March Madness 2014: Ranking the Top 25 Players in the NCAA Tournament
Now it’s time to find out who the real players are.
Who’s going to flounder in the face of adversity? And who’s going to flourish?
Who’s going to step up his game when his team faces elimination? Who’s going to regress?
Who is going to demand the ball and carry his team, and who is going to defer?
We’ll find out soon enough in the NCAA tournament, where toughness—perhaps mental more than physical—almost always trumps talent.
Scoring 30 points in an November exhibition game against Rhode Island State Technical College is one thing; dropping 23 on Arizona in the Elite Eight is another. Getting a triple-double in the consolation round of the Puerto Rico Classic may have seemed like a big deal at the time, but things could be different with the season on the line in a nationally televised game in a sold-out arena.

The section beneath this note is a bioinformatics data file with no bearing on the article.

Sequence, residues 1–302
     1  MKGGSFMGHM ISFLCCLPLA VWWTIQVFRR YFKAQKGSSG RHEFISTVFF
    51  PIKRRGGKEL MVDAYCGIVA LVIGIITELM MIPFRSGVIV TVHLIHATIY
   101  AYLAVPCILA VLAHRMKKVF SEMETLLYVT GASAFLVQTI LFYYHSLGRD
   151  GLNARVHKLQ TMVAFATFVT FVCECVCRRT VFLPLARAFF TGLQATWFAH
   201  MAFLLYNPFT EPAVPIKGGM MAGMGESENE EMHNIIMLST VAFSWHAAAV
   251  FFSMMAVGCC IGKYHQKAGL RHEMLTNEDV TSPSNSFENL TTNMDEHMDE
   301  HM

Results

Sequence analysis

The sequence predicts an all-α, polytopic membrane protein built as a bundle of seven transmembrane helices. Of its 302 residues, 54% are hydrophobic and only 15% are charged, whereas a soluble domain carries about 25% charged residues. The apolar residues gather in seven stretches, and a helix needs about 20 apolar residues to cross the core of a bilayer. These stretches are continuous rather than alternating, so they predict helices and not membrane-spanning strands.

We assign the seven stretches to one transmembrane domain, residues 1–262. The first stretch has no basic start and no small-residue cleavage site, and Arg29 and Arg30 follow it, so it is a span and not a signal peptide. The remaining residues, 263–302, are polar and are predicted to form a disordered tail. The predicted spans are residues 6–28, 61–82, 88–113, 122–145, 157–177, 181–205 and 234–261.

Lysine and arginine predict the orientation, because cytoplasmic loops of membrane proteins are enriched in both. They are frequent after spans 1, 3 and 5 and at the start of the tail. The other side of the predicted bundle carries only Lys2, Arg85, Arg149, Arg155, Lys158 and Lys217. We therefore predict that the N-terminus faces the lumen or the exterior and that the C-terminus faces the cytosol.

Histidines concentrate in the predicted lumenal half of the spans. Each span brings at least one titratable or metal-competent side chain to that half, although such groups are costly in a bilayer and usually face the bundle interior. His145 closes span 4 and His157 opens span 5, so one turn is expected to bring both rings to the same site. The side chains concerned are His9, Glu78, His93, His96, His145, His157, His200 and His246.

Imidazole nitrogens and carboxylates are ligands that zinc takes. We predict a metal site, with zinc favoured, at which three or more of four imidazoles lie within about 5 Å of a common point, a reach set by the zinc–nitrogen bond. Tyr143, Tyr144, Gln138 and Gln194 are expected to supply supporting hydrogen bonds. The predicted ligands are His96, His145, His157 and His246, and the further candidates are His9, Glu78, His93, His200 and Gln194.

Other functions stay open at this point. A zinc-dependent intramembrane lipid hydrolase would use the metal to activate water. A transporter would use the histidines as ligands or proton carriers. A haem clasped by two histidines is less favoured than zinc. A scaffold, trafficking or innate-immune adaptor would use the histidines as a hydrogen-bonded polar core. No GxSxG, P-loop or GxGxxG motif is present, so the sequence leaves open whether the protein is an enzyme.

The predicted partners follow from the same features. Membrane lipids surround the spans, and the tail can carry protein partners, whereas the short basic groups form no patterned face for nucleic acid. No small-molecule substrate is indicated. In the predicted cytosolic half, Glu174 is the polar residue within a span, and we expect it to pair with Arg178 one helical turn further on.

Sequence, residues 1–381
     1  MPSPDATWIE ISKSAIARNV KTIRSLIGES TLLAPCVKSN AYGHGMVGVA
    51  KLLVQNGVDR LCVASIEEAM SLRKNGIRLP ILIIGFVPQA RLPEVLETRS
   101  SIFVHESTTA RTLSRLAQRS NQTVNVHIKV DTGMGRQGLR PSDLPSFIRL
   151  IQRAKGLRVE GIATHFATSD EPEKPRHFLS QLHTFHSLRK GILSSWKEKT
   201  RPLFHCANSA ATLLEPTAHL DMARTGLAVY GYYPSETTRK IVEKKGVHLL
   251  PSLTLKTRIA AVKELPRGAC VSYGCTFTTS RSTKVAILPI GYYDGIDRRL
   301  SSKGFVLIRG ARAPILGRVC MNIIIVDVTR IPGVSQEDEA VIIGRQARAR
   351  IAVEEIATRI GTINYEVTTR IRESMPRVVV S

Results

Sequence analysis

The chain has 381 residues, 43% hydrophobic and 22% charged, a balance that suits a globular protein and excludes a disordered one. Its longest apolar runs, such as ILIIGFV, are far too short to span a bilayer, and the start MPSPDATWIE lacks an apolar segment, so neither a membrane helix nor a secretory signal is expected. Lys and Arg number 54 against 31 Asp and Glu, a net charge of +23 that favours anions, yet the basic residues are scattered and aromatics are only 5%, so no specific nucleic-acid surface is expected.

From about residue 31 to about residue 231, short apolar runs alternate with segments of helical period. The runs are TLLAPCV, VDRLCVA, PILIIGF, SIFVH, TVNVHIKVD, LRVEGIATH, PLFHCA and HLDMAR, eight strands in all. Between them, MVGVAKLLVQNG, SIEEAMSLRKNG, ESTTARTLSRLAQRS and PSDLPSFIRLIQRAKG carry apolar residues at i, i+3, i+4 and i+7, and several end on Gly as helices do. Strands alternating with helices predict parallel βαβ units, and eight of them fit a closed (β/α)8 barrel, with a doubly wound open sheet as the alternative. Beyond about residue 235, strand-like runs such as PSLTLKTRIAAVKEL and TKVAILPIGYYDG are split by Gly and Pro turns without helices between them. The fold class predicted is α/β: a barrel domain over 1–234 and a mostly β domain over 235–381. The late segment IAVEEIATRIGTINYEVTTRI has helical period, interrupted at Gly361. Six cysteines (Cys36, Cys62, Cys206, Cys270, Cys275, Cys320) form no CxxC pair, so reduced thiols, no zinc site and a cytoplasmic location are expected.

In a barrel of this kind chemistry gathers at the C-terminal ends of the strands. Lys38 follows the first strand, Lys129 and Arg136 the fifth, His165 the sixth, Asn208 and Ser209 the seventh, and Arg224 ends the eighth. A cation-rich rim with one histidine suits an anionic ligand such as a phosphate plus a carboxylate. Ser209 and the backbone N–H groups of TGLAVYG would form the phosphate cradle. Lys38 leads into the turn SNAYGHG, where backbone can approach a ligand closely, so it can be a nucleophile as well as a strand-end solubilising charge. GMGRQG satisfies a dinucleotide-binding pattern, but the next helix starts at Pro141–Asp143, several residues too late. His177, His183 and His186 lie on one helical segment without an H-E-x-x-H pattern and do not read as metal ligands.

Here are 25 standouts with the greatest chance to shine during the NCAA tournament. These rankings aren’t solely a reflection on how players performed during the regular season; instead, they’re based more on individual talent, mental toughness, postseason experience, poise in the clutch and versatility.
With the game—the season—on the line, here’s who I’d want on my team.
25. Xavier Thames, San Diego State
The Aztecs point guard is one of the best players in America at his position. He’s averaging 16.8 points and 3.2 assists for a squad that went on a 20-game winning streak earlier this season. The NBA prospect had 29 points in a win over Marquette and was named MVP of the Wooden Legacy tournament.
Thames, who began his career at Washington State, helped the Aztecs pull off one of the best wins by any team this season when they upset Kansas, 61-57, at Allen Fieldhouse back in January. And with Thames leading the way, San Diego State won 20 straight games after a Nov. 14 loss to Arizona. He shoots just 41.1 percent from the field but continues to pique the interest of NBA scouts because of his 6’3”, 195-pound frame.